“Most patients don’t need our services for a prolonged time. Perhaps they are just seeing us a few times to have a discussion about goals or make treatment choices. Sometimes we see people for symptom management on an ongoing basis, except that people with chronic, non-cancer pain may be treated at Swedish Pain Services.”

Are family members involved in palliative care?

“Patients need to come to every visit at the clinic, but we welcome family members and prefer that they come with the patient. We provide a lot of support to the family, especially the primary caregiver. We help with family dynamics as they relate to the illness. If the patient tells me what they want, but they’ve never told anyone else before, it’s less likely that their wishes will be honored.”

What health providers are part of the palliative care team?

“At Swedish, our team includes medical doctors, nurse practitioners, a registered nurse and a social worker. Our inpatient palliative care teams have chaplains. Inpatient hospital visits are also arranged by referral.”

How can a patient access palliative care at Swedish?

“Our clinic is open via provider referrals. Sometimes if a physician wants to refer patients to us just to get recommendations, we can do a consult in that manner. Palliative care doesn’t replace care providers—we are an extra layer of support and become part of the patient’s medical team.”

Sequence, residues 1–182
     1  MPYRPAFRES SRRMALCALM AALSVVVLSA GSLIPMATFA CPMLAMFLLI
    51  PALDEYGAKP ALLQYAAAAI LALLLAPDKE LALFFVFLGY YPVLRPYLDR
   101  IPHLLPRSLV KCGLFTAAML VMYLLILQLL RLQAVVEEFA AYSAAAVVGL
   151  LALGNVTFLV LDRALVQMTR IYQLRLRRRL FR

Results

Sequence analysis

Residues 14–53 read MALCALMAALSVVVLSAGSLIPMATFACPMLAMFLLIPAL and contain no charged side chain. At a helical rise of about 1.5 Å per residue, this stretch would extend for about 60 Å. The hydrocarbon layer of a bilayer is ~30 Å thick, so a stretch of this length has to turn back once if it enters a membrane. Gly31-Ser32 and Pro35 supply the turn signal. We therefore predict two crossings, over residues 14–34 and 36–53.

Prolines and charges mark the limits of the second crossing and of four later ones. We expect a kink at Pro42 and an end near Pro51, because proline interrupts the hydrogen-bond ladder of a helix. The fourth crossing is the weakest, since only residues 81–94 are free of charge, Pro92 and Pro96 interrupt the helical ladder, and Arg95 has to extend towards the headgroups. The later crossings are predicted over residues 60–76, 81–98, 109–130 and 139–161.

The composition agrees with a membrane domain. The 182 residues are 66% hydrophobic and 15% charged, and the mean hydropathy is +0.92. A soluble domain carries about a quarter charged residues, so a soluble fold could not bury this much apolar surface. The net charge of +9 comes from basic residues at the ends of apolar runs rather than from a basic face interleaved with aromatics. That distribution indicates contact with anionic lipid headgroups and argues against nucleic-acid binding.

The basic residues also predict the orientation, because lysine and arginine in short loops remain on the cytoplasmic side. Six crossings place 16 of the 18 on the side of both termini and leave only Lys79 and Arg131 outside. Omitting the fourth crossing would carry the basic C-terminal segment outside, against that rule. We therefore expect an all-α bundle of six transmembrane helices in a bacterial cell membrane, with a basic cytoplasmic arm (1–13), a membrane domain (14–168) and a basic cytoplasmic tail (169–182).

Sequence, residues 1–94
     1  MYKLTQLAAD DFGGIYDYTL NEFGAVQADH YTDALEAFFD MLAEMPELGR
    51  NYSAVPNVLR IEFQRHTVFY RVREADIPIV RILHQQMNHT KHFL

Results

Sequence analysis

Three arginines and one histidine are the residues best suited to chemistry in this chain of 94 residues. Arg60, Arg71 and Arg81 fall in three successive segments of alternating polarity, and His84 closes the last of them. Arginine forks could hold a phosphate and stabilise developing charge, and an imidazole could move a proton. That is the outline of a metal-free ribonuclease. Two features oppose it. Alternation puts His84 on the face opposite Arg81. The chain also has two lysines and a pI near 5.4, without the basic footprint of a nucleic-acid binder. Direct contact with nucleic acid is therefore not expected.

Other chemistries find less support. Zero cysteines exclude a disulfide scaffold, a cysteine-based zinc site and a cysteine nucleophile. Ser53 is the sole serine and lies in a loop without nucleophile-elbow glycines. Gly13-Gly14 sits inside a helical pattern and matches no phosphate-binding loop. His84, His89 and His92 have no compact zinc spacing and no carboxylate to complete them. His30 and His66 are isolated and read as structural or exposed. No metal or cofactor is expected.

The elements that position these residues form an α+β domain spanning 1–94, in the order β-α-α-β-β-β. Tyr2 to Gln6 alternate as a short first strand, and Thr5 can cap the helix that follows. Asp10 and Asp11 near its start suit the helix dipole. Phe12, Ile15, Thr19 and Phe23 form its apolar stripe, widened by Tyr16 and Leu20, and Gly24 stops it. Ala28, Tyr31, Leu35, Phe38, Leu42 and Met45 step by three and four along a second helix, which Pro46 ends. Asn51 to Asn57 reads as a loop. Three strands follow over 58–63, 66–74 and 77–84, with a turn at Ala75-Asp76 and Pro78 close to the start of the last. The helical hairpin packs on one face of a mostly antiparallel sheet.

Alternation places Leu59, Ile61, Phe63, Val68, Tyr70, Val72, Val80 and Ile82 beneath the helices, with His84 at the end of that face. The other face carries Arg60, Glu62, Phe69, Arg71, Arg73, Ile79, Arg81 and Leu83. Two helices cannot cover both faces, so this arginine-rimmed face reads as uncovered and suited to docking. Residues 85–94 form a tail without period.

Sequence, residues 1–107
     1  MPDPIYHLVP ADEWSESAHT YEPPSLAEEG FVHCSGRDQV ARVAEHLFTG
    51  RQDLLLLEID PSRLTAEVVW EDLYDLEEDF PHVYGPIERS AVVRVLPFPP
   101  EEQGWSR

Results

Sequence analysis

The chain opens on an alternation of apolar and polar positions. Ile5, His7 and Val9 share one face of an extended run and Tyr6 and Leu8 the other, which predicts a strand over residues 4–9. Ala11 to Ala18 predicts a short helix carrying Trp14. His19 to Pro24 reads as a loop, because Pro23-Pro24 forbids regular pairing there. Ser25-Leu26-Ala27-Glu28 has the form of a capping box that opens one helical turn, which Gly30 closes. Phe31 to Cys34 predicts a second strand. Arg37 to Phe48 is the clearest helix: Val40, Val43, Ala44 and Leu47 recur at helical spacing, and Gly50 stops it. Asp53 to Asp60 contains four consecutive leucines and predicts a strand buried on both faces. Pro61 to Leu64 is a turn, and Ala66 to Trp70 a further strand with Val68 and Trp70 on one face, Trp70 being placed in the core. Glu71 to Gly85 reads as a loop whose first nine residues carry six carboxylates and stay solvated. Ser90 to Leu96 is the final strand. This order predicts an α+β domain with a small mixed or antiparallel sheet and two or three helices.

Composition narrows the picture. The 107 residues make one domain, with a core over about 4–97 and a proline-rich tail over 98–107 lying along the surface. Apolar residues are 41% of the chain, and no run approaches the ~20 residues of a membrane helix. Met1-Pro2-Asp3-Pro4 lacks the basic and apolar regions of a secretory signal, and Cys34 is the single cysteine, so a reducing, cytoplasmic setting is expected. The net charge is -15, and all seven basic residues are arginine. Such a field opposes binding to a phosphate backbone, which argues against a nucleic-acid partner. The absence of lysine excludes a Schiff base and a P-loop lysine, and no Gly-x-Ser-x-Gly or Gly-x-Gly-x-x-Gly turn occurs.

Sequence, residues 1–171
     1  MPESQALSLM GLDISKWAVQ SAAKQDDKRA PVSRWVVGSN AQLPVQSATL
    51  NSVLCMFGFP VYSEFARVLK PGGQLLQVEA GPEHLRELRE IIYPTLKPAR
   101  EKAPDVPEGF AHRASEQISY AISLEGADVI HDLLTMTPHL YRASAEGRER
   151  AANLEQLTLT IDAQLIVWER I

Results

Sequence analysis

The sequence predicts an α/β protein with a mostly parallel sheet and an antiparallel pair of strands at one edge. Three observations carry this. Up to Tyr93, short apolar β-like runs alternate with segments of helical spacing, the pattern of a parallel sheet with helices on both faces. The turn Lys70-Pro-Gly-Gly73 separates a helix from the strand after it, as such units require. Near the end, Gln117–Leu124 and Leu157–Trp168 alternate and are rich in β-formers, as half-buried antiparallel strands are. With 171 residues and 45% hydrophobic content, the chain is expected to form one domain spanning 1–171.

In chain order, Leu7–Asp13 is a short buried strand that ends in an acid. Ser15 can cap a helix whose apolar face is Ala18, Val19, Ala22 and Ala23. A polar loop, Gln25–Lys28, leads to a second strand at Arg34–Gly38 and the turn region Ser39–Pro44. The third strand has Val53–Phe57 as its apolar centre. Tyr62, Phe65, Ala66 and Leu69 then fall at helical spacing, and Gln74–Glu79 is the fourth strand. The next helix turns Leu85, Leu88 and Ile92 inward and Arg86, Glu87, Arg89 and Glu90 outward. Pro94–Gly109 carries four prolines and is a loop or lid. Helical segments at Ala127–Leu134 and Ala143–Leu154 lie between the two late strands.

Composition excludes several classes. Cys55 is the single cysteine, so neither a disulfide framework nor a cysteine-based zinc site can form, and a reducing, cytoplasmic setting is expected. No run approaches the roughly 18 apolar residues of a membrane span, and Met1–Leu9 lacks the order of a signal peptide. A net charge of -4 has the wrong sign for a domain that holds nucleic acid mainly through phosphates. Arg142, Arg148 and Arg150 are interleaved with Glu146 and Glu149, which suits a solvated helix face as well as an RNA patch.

What’s the best time to pursue palliative care?

“If a patient with a serious illness feels like no one’s been asking what is important to them, and they think it would be helpful for the medical team to know more about their values and goals, that’s a good time to come to the palliative care team. I send a synopsis of our conversation to their doctor, and we will often follow up with a phone call or email. Our communication with the referring provider is tailored to the provider and patient needs, and I coach the patient on how to talk to the doctor. I often provide people with a list of questions we came up with during our visit to ask the doctor; I tell patients that it carries more weight with the doctor if it comes from them. We do not make changes in the patient’s plan of care on our own without collaborating with the attending provider.”

What do patients say they find valuable about palliative care?

“Patients often tell us things like, ‘No one’s ever asked this before,’ or ‘I’ve never had a chance to talk about these things before,’ and a lot of times it’s just basic information about what makes that person tick. The value also comes from giving the referring provider the chance to focus on treating the patient’s illness and know that a second caregiver has come in who also listens to the patient and sees them as a whole person in the same way the referring provider does.”

If you are older than 18, you should have advance directives, including a durable power of attorney for medical care and a living will, to ensure your wishes will be honored. You can access those forms, which are available in several languages, here. The Swedish Palliative Care & Symptom Management Clinic has an outpatient location in First Hill and inpatient teams at First Hill and Cherry Hill, with planned expansion to Edmonds for both inpatient and outpatient care.

Learn more about palliative care at Swedish:

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This information is not intended as a substitute for professional medical care. Always follow your health care professional's instructions.

Topics: Services